I am restoring a late 1940s Velocette Mac 350 motorbike. I have a few working dynamos for this bike, but the original regulators are hard to find in working condition. I bought a regulator on Aliexpress, but I am pretty sure now that this regulator is designed for an AC input (Alternator), rater than the DC output of a dynamo. Back to square one. I intend to use Led lights, but the original horn is a 6V one, so if possible I want to regulate the dynamo output to 6V DC, it will produce higher voltages depending on RPM, but I'd like to keep the output voltage to a standard 6V if possible. I was going to use 2 x ultra capacitors on the output of the dynamo instead of a battery, because even I will be losing some capacitance having by the caps in parallel I think the caps will soak up any slight variations in the power output from the dynamo and provide adequate lighting for a while when the bike is stopped. This brings me to my question, but feel free to pick holes in my idea if you think it won't work, I was thinking that instead of the standard regulator, I would use a buck / boost converter to keep the voltage around 6V. The Leds will accept from 5v to 30v so it's really only the horn that I'm worried about.

Edit: This is a Miller type DVR dynamo, that is regulated by default by varying the voltage in the field winding. It has no permanent magnets and outputs a DC voltage.

  • \$\begingroup\$ First thing to do is to go set up a testbench with your "ultra capacitors" (whatever you want to try, first) and see how long, once charged (easy to do), they will run the LED lights. You seem to imagine they will last "for a while when the bike is stopped." I think you should test this and get it out of the way. (I think it's not a slam-dunk.) There are other important and yet quite simple tests to do in order to "clear the deck." One of them is also to test your dynamo with capacitor loads, under operation with the bike at various RPMs and measure the output with a voltmeter for example. \$\endgroup\$
    – jonk
    Nov 5, 2021 at 4:40
  • \$\begingroup\$ I have tried this and using some 300F capacitors I was able to run the Leds for over 5 mins on a single charge of the cap from a bench power supply. I can't try the second option until I get a buck converter, since the output of the dynamo exceeds the rated voltage of the cap. \$\endgroup\$ Nov 5, 2021 at 10:09

2 Answers 2


The way a conventional mechanical hybrid regulator on a dynamo, or generator, system works is by switching the field coil off and on changing the magnetic field produced by the same. This regulates the amount of voltage generated by the dynamo part of the generator. This is also done electronically by various solid state devices, including the DVR2 and the Boyer Bransden regulator for which Hacktastical posted a link. The standard connections on a DC generator regulator are:

F: Field winding

A: Ammeter (regulated output)

D: Dynamo

E: Earth

I will start a new thread / question about building one of these solid state versions myself, using power transistors to switch the field winding thus varying the output.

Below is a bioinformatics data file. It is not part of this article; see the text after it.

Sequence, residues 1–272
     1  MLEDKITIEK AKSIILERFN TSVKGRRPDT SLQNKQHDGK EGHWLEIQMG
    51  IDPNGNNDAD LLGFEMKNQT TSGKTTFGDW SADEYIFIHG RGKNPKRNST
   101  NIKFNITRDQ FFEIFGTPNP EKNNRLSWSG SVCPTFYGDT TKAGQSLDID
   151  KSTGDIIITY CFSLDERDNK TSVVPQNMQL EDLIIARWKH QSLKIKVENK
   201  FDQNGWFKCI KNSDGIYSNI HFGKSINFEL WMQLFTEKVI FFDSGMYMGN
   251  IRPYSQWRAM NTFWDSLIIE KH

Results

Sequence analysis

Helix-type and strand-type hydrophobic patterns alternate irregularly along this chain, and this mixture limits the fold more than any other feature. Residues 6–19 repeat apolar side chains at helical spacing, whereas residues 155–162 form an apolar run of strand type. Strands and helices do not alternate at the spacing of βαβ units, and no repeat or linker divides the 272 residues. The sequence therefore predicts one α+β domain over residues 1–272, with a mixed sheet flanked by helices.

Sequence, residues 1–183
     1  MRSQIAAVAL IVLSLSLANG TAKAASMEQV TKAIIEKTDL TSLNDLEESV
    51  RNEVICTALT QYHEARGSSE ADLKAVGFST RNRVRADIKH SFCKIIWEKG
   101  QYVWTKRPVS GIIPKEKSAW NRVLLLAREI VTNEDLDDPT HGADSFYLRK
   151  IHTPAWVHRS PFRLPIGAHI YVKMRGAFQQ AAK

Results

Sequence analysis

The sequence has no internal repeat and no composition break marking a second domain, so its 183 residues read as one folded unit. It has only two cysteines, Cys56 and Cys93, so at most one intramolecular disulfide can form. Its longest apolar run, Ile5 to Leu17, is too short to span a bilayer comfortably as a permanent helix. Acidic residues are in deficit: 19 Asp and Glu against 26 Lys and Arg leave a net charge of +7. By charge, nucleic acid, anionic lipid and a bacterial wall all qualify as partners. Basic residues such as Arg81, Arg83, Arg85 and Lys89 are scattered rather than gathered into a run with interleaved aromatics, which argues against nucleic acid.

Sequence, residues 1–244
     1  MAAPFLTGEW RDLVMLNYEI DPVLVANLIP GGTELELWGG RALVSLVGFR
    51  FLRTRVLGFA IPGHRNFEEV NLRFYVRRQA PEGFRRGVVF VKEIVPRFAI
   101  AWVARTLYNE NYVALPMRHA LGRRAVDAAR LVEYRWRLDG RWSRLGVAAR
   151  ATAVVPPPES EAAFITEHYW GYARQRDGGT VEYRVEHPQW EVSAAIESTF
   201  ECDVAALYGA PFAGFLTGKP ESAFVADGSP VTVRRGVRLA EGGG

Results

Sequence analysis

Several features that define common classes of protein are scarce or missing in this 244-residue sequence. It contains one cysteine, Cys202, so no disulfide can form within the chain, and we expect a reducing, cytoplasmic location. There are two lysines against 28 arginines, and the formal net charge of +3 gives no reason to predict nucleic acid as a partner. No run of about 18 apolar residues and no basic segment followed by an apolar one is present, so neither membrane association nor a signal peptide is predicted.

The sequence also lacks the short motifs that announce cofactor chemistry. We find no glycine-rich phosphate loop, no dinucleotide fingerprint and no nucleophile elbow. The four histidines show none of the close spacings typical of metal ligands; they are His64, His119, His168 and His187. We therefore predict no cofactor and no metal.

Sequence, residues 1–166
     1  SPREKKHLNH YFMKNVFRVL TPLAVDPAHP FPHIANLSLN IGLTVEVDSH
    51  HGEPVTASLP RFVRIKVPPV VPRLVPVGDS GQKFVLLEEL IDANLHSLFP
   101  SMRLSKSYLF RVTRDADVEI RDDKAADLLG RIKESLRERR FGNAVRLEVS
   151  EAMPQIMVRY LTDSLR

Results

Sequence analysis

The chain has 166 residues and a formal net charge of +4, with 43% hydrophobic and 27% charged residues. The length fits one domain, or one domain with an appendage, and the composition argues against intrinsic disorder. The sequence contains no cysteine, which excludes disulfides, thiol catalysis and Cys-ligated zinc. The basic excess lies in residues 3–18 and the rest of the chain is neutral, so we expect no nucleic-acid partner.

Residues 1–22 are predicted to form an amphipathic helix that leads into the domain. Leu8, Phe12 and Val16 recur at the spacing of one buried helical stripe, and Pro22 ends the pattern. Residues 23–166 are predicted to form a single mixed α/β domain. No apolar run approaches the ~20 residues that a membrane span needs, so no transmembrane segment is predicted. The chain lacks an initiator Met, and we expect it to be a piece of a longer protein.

Thank you for the input about this, now aborted, starting idea.



This motorcycle has both a magneto for ignition and a generator (dynamo) for lighting (I know you know that, this is a note for other readers). The generator would use a field coil regulator, similar to that for an automobile of that era, that would regulate the voltage to the battery.

As for the unit you bought, a regulator for an alternator type would add a rectifier, and if it’s a larger alternator, a field coil driver. Voltage regulation and battery cut-out would also be dealt with there.

You could use large electrolytics in place of the battery. I'd be a bit concerned about the robustness of Supercaps to overvoltage, so select with care.

As for the regulator, perhaps a VW 6V regulator or similar could be adapted?

If your Velo is negative ground (or converted to it) maybe you could use something like this: https://vintagetriumphsupply.com/boyer-voltage-regulator-british-dynamo-gen-6v-neg.html

MORE: A possible solution: Building a solid state generator/dynamo voltage regulator, to replace an old mechanical regulator

  • \$\begingroup\$ You are right and this is exactly the plan that I was going to follow. I'm sorry that I don't have enough points to up vote your answer. I was trying to use a solid state solution instead of a pseudo mechanical regulator. \$\endgroup\$ Nov 5, 2021 at 10:16
  • \$\begingroup\$ Your solution that you have proposed at vintagetriumphsupply.com/… would work, as would matchlessclueless.com/electrical/lucas/regulator-replacement . The latter is a DVR2 regulator, which is commonly used on Vintage bikes. I was already aware of these options, but was hoping for a less expensive option (I know it's not sheep stations anyway). After a bit of thought, I realize that using a buck boost solution would require the field coil to be energized continually, which would both put unnecessary strain on the dynamo. \$\endgroup\$ Nov 5, 2021 at 21:07
  • \$\begingroup\$ ..... and increase the load on the motor. \$\endgroup\$ Nov 5, 2021 at 21:08
  • \$\begingroup\$ It would be an interesting project to make a PWM control for the field coil that models the way the old regulator works. Basically, sense the voltage, and if it gets above a threshold, start interrupting the field coil current. Maybe a comparator, a 555, and a good-sized FET? \$\endgroup\$ Nov 5, 2021 at 23:34
  • \$\begingroup\$ This site had some good diagrams: dunhackin.com/index.php/velocette-documents/mac-manuals/… \$\endgroup\$ Nov 5, 2021 at 23:35

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